Pre-Baselworld 2015: Maurice Lacroix Pontos S Regatta Watch

By Jovan Krstevski

Racing inspired watches have never been this exciting to wear, at least that is what the company promises to give to everyone. We, avid fans of horology know exactly what race watches are, the sturdy face, the sporty looks, and most importantly what lies underneath the hood. Most race watches are made of fantastic materials but they all come as high-specced. This time, we’re right again about the new Maurice Lacroix, the so called “born to race” watch.


Unlike any other race watches, this one capitalizes on pure carbon looks and the bold representation of racing on its dial. I’ve been tying to find a hint of horse racing on it, but the only thing I see is the RPM like element on the dial which turns out to be sailing regatta inspired. Perhaps, the strap is meant to highlight the horse racing stuff, maybe it’s just me but the strap does look like it’s meant to be worn by jockeys. If you’re familiar with sailing regatta, we all know how tough it is. The water, the wind, the rapid body movements, the watch is simply made for sailing regatta. Nonetheless, racing or not, overall this fantastic watch has still quite a lot upon its sleeve to surprise most horology fans.


The 45mm diameter case is just about the right size for a sporty watch. What’s very interesting about it is that it’s made of cutting edge forged carbon, known for its strength and incredible feather-like weight. The case design is where I get the race car aesthetics, the lines, the oversized crown and the two unique pushers that resemble almost like tiny knobs. The gauge on the bezel and the accuracy numbers are also present on the case, knob by knob, turn by turn. The combination of black and white elements, including a general steel appearance makes it appear more sporty. If you’re looking for a hint of racing colors, it’s right on the dial were your eyes are most likely to gaze first.


The dial appears light on racing inspirations but there’s a lot of functionality built into it such as speed reading. The 10 minutes warning for sailing regatta stands out and strategically placed at 12 o’clock position. Those into sailing will just love this feature. It’s kind of exciting to turn the pusher at the 2 o’clock to activate the countdown. Even if you’re only doing rudimentary stuff, the sense of urgency when the countdown begins right to the final element when the word “Race” appears on the dial yields an exhilarating experience. I particularly like the black sun-brushed hours and minutes hands. The rest of the stuff on the dial are all reminiscent of the racing spirit. I have a slight annoyance for the large branding at the 6 o’clock position tough which we all know about Maurice Lacroix watches. All of these goods are protected by a domed sapphire crystal with anti-reflective coating on both sides.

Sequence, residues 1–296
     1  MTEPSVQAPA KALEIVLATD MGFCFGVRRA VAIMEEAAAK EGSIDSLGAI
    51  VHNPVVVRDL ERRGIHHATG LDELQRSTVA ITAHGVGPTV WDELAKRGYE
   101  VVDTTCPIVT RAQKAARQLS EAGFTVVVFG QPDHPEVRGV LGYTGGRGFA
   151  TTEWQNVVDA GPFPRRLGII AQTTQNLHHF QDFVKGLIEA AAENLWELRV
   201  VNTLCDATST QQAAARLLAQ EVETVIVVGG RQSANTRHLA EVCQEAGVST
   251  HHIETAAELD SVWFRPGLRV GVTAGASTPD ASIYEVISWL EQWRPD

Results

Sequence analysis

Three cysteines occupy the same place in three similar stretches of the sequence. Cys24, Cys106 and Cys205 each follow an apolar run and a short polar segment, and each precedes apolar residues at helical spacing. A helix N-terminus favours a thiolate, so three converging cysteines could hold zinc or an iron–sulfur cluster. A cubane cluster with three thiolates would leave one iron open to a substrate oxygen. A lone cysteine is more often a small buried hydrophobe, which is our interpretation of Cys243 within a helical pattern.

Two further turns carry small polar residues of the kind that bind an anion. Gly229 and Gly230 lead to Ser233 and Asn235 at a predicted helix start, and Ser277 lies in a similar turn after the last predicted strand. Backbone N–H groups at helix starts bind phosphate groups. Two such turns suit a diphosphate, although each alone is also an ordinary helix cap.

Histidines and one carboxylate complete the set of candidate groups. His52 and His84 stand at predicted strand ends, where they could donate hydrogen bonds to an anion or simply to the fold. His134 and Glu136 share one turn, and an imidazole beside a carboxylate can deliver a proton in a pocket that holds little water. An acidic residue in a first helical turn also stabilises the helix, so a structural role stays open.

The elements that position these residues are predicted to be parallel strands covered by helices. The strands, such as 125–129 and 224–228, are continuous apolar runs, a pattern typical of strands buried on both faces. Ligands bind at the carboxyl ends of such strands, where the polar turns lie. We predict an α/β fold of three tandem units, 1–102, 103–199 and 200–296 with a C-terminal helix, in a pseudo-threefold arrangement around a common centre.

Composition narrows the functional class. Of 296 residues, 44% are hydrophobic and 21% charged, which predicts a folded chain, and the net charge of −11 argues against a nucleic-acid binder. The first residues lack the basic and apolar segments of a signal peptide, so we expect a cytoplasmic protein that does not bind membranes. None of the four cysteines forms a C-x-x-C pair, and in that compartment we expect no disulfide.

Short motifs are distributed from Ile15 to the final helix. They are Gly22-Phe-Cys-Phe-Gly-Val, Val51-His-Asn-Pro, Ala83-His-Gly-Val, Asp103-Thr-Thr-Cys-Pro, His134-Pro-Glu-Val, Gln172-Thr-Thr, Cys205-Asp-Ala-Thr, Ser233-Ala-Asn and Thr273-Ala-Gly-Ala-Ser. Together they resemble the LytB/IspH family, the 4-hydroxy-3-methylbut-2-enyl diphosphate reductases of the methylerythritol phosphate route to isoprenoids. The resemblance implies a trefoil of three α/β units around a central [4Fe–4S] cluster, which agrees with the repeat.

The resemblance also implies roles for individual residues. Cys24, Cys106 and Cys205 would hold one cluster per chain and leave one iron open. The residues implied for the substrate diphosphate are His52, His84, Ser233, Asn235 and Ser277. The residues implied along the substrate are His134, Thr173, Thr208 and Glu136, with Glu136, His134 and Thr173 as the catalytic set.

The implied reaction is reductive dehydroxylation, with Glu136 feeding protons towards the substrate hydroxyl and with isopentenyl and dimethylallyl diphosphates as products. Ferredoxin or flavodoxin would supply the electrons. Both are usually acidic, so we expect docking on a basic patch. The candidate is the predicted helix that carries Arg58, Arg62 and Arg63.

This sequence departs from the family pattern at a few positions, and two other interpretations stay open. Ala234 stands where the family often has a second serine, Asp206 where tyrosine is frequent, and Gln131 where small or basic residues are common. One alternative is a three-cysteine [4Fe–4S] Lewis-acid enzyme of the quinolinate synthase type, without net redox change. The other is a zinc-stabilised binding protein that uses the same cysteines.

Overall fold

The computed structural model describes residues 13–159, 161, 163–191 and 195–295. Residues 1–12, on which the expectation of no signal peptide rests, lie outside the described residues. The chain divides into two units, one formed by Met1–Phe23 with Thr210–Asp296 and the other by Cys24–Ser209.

What powers the watch is an automatic movement ML162 with a power reserve of 38 hours, although you’ll never run out of static energy since you’ll be moving most of the time. Since this is specced for sailing, it comes as water-resistant up to 200 meters with topnotch durability.

The black rubber bracelet is fantastic for that race feel as it’s proven great for stable grip. The engraved case-back may not show you the movement but the 44 jewels under the hood and the rhodium plated movement will ensure that this timepiece is indeed built to race. For more info, please visit


Jovan Krstevski – Founder, Proprietor & Executive Editor

Watch collector, aficionado and an Event profile in the Swedish nightlife. He launched Watchgeek back in 2011, which is now known as WristReview and is one of the most widely read watch blogs on the Web. He quotes ’WristReview is a site to help people find, explore, discover and enjoy wristwatches.’  His passion jump started in his early teens, when he was given his first mid-range wristwatch which was an Omega Seamaster. Since then he has always been in love with wristwatches! Besides WristReview, he also writes for a number of publications. Read his articles here.